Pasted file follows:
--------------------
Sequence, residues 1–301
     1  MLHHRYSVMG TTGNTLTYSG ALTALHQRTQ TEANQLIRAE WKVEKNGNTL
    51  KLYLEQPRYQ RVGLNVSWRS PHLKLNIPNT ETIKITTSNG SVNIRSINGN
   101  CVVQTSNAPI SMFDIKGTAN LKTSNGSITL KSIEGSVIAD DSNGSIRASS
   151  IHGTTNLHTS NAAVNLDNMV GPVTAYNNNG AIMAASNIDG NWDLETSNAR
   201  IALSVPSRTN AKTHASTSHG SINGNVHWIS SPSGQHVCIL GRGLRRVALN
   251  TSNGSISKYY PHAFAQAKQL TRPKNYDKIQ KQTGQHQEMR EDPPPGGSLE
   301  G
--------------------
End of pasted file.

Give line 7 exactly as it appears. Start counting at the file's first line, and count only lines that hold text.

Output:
   251  TSNGSISKYY PHAFAQAKQL TRPKNYDKIQ KQTGQHQEMR EDPPPGGSLE